Homeland Security

TSA expands scanning tech

Shutterstock ID 705220987 By Phonlamai Photo 

The Transportation Security Administration will continue to expand 3-D baggage scanning and credential authentication technologies in the coming year, said the agency's administrator.

TSA Administrator David Pekoske, said in an Aug. 10 blog post that in the coming year, his agency will continue to expand deployment of Computed Tomography X-ray machines at the nation's airports, as well as expand the deployment of credential authentication technology.

Pekoske said CT X-ray capabilities can identify threats in finer detail and possibly eliminate the need for passengers to take out liquids and electronics from their carry-on luggage. The technology also applies algorithms for explosives and creates a three-dimensional image that can be manipulated in three axes on visual display by TSA officers.

TSA announced on July 30 that it would have up to 40 CT scanners in place at airports around the country by the end of this year, with 16 more in testing facilities. By the end of fiscal 2019, the agency said, it plans on having more than 145 in place. TSA began testing CT last June at Boston's Logan International Airport and Phoenix's Sky Harbor International Airport.

Pekoski said the agency also has "made great strides" in deploying identity technologies, including testing and expanding use of credential authentication technology (CAT), to match passenger photo IDs against the Secure Flight database. CAT testing has expanded to 42 systems at 13 airports, from a start of 17 systems at seven airports a few years ago.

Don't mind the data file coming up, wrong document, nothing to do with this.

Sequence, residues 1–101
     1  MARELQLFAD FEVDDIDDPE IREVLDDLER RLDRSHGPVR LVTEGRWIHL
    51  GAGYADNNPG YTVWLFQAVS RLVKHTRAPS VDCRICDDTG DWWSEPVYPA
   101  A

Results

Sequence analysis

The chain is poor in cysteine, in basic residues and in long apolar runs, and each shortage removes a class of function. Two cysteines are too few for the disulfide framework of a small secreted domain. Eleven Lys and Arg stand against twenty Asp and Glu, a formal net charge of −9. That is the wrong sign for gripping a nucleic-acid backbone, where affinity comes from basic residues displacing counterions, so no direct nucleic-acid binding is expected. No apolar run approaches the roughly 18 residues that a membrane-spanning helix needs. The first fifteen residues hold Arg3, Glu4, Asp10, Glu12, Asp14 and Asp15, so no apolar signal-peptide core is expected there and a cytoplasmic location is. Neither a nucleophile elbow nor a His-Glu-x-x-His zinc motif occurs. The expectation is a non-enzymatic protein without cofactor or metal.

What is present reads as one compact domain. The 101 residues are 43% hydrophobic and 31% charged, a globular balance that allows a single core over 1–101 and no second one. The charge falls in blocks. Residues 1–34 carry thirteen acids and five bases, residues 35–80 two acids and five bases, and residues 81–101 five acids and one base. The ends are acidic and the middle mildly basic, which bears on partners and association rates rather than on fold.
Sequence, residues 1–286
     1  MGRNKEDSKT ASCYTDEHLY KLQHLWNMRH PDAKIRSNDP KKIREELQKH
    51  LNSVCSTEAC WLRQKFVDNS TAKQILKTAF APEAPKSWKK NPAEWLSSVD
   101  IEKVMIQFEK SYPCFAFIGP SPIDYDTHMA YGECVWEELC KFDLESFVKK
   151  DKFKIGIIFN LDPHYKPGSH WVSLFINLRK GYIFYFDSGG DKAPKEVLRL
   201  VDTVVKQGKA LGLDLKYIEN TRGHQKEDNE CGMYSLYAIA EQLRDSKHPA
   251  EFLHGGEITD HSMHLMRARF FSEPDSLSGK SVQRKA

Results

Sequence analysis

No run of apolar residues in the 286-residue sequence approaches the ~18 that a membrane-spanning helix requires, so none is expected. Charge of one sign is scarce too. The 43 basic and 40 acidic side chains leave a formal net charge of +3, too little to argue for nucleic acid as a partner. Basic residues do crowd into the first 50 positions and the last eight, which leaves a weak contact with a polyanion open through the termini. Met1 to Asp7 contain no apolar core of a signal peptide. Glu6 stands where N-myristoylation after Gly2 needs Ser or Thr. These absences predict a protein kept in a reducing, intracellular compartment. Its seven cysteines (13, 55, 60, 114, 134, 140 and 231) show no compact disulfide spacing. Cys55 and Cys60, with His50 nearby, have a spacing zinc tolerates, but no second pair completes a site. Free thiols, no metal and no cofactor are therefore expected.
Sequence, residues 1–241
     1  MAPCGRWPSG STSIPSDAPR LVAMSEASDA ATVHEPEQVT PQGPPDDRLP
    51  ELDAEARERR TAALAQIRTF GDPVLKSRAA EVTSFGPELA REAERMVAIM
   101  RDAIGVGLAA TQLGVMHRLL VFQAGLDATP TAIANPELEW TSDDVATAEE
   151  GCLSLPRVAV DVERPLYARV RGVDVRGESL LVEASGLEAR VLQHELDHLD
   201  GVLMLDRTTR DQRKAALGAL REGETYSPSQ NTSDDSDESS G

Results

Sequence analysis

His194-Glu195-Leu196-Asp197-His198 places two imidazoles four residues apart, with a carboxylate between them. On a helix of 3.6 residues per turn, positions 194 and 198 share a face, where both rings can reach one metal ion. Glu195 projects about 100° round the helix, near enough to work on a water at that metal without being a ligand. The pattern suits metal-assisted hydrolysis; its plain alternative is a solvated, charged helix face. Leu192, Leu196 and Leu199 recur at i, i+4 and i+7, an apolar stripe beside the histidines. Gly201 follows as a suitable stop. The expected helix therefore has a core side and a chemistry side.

About the Author

Mark Rockwell is a senior staff writer at FCW, whose beat focuses on acquisition, the Department of Homeland Security and the Department of Energy.

Before joining FCW, Rockwell was Washington correspondent for Government Security News, where he covered all aspects of homeland security from IT to detection dogs and border security. Over the last 25 years in Washington as a reporter, editor and correspondent, he has covered an increasingly wide array of high-tech issues for publications like Communications Week, Internet Week, Fiber Optics News, tele.com magazine and Wireless Week.

Rockwell received a Jesse H. Neal Award for his work covering telecommunications issues, and is a graduate of James Madison University.

Click here for previous articles by Rockwell. Contact him at mrockwell@fcw.com or follow him on Twitter at @MRockwell4.


  • Defense
    Ryan D. McCarthy being sworn in as Army Secretary Oct. 10, 2019. (Photo credit: Sgt. Dana Clarke/U.S. Army)

    Army wants to spend nearly $1B on cloud, data by 2025

    Army Secretary Ryan McCarthy said lack of funding or a potential delay in the JEDI cloud bid "strikes to the heart of our concern."

  • Congress
    Rep. Jim Langevin (D-R.I.) at the Hack the Capitol conference Sept. 20, 2018

    Jim Langevin's view from the Hill

    As chairman of of the Intelligence and Emerging Threats and Capabilities subcommittee of the House Armed Services Committe and a member of the House Homeland Security Committee, Rhode Island Democrat Jim Langevin is one of the most influential voices on cybersecurity in Congress.

Stay Connected


Sign up for our newsletter.

I agree to this site's Privacy Policy.